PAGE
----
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It may be a daunting task if you make a plan to pair wine with seafood or fish if you are a novice to this. Let’s explore a few primary things to know here. As per the experts, white wine is the best choice when you think of pairing wine with fish or seafood, but which one may be the best? You may think of the dry white varieties, but you may be disappointed on getting some lush, full-bodied wines. Let’s explore the best options here.
The Sparkling wines like those from France, California, Italy, Spain, etc. are identified to be perfect with fried food. When light beers may match up perfectly with fried dishes of seafood, some of the wines may lose something while pairing with thick beer batter or tempura. This is less so with sparkling wine, the bubbles of which may cut through the whole weight of fried items and create a perfect blend. Sparkling wines may also pair ideally with caviar. If you are not so fond of sparkling wine, then Portuguese Vinho Verde may play as an ideal alternative.
It may be the most aristocratic choice of white fish wines. Austere, dry, and crisp, varieties like pinot grigio and Chenin blanc can be best served with lean white fish simply cooked. Halibut, Flounder, snapper, walleye, oysters, or raw clams all can go well with this category wines. These wines also can cut through the fat in some fishes like catfish, striped bass, mussels, or lobsters. If you are looking for something off the track to fit this style, then Greek Assyrtiko or Italian Vermentino are must try.
In the realm of fuller whites, Chardonnay may get a bad rap, but this is so great with seafood like raw oysters, crab, or lobsters. The theory behind this combination is that the full-bodied wines match the best with full-bodied dishes. If you are trying broth-base soups, then Chardonnay will work wonders. If the dish is of an oiler fish like mackerel or bluefish, you may try the Viognier, Pinot Gris, or Italian Grillo.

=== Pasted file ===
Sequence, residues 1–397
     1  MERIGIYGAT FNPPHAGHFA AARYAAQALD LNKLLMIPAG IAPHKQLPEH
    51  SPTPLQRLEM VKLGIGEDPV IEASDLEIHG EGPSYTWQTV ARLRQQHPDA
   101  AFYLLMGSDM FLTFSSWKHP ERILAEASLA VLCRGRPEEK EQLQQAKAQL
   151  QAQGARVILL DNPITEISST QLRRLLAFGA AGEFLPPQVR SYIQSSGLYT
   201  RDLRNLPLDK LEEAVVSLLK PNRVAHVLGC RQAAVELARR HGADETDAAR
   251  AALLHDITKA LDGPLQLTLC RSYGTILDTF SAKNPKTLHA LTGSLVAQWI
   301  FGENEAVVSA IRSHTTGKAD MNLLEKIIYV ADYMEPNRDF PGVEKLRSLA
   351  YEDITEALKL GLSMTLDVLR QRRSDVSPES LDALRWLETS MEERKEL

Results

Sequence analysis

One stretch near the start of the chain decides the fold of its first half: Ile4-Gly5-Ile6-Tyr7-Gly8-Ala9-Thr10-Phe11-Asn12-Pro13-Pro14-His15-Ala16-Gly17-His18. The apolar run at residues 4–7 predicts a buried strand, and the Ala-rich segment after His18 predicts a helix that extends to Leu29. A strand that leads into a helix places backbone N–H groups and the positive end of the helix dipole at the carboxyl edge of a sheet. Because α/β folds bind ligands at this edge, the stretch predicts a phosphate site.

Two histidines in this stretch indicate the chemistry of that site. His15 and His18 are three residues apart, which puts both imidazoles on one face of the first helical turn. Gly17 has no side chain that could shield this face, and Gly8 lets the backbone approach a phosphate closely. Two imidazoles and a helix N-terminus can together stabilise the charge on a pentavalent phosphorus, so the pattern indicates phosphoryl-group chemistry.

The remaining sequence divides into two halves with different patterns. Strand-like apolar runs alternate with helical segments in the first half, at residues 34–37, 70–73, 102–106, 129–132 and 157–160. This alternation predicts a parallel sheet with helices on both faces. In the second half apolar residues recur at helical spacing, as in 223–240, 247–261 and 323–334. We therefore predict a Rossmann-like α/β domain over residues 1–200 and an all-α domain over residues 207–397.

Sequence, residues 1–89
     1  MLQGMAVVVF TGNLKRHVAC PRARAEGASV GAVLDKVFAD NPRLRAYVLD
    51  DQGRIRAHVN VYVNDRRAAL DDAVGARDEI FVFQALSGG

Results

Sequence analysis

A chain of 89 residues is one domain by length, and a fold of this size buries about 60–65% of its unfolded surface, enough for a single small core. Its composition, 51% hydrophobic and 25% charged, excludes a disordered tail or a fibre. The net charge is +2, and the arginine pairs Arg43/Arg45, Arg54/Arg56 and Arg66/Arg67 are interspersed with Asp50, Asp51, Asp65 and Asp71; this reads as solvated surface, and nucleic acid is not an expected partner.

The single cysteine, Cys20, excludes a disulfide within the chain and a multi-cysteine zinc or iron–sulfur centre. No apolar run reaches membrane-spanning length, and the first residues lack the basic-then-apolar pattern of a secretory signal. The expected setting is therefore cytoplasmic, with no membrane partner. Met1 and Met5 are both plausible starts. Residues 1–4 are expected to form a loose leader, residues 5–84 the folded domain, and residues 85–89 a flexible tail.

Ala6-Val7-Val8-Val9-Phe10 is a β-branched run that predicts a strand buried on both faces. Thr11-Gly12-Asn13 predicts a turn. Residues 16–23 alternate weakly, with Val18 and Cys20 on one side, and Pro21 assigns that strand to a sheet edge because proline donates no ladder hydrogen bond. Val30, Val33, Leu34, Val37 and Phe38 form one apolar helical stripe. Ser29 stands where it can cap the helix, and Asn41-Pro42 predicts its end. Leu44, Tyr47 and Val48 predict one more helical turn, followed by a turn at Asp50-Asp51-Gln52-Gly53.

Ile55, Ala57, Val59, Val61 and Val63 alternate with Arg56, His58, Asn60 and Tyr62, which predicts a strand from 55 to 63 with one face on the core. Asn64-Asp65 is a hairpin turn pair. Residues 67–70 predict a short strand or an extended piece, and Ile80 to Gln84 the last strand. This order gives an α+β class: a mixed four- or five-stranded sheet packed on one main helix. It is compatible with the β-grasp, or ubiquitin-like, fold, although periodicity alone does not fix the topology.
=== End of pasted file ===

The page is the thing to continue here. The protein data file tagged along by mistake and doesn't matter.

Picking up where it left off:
Roussane, Marsanne, Gewurztraminer, Riesling
These fine wine options from Sokolin also comes under the fuller white category, which often has sweetness prevailing. You can combine this at best with many Asian seafood varieties, which go a bit spicy. Gewurztraminer is perfect with Vietnamese seafood whereas the tropical aromas of Marsanne and Roussanne would go perfectly with Asian flavors.
Dry Fino Sherry
This is a perfect category wine you can try with shrimp, simply cooked. If you love the shrimp cocktail as grilled, steamed, fried, or stir-fried, then Sherry is the right wine to go with. If possible, ensure that you by only the real quality Spanish Dry Fino Sherry, which is slightly salty and achingly dry. This goes perfect with almonds also.
Gamay, Pinot Noir, Grenache, Sangiovese
This category consists of lighter red wines. You want to choose big red with seafood specifically, but the light reds may perfectly match with some specific items like tuna, salmon, swordfish, marlin, bluefish, mackerel, etc. Light red may also serve good with meaty, fatty, big-flavored fishes. Sangiovese or Chianti will be good with clam sauce, and spaghetti or octopus stewed in tomato sauce. However, it is best to avoid reds with spicier seafood.
Moreover, French, Spanish, or California Rosés are also good to try with sauce-rich seafood dishes. Rosés can ideally substitute full-bodied whites like Fumé Blanc or Chardonnay. You may do a bit of online research also to find out some fine combinations before ordering one for the forthcoming party.